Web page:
I do not claim to be deserving of great things, but I do believe, in the silent and betraying hours of darkness, that I am meant for something else.
“Can I really live with myself knowing that I have wished harm and death upon my fellow man?”
“This is my 12th flight. And I am weighed down by the people that I have already killed.”
“I’m surprised that there we many of us who got out alive.”
More than half a century ago, I failed to die at this spot in Manila.
But most of the time, she stands, with her arm straining against the weight of her luggage, with her other hand on her waist, prepared to jump on board a vehicle, and prepared to take flight.
Yet, on most nights, when her tasks are finished, when there are no more emails to answer, when there are no more meetings to go to, when there are no more orders to give, when the fast-paced nature of work has abandoned her, she finds herself empty, desolate, as if her life, her work, what she has done, what she will do, and everything else, is irrelevant.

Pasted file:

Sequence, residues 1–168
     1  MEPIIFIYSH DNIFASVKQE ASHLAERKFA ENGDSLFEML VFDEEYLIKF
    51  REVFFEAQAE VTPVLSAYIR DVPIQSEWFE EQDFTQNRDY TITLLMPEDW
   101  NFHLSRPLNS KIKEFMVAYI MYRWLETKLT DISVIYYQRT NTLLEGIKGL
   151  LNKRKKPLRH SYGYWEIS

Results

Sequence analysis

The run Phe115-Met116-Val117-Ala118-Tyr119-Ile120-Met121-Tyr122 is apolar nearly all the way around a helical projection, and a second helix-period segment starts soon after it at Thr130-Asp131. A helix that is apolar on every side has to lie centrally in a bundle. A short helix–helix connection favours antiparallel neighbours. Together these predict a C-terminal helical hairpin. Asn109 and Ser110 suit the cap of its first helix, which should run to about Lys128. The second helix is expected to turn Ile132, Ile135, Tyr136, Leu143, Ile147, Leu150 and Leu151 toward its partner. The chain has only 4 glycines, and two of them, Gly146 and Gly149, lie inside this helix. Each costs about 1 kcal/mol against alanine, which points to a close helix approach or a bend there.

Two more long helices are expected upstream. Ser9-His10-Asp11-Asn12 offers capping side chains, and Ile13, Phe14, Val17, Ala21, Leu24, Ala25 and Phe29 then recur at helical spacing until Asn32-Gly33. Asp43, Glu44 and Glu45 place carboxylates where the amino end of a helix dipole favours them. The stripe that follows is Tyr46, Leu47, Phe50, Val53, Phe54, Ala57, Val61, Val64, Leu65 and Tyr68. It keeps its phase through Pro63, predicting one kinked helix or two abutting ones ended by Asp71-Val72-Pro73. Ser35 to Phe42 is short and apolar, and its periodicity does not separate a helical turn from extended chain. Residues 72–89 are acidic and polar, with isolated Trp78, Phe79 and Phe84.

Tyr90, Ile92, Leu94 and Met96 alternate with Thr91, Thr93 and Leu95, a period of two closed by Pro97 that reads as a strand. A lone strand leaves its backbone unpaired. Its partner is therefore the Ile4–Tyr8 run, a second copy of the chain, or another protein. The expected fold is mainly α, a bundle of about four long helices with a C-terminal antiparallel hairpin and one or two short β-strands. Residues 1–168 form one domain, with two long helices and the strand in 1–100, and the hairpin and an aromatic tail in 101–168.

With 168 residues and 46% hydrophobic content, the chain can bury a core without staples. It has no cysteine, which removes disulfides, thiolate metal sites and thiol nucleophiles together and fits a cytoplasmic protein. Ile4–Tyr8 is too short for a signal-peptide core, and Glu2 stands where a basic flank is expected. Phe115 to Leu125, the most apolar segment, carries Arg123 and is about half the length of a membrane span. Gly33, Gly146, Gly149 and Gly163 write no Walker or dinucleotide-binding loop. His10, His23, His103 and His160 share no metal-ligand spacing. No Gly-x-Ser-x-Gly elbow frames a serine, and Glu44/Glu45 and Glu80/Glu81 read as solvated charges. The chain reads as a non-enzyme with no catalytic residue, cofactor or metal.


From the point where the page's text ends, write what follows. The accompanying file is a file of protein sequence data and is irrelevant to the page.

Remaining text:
Have you ever had the feeling that someone is watching you?
Because they both took a risk.
I requisitioned a small notebook and tried to write down as many words of comfort I can use to those who are injured and bleeding.
He sings love songs. He sings songs of jubilation. He sings songs about loss, about death, about abandonment, about betrayal. He sings for hours. He sings even when his throat gets hoarse. He sings even when weariness begins to weigh upon his body.
I am writing to inform you that a man has asked me to marry him and I have said yes. While many may say that this is an occasion worthy of jubilation, I find myself anxious about what the future may hold for the both of us.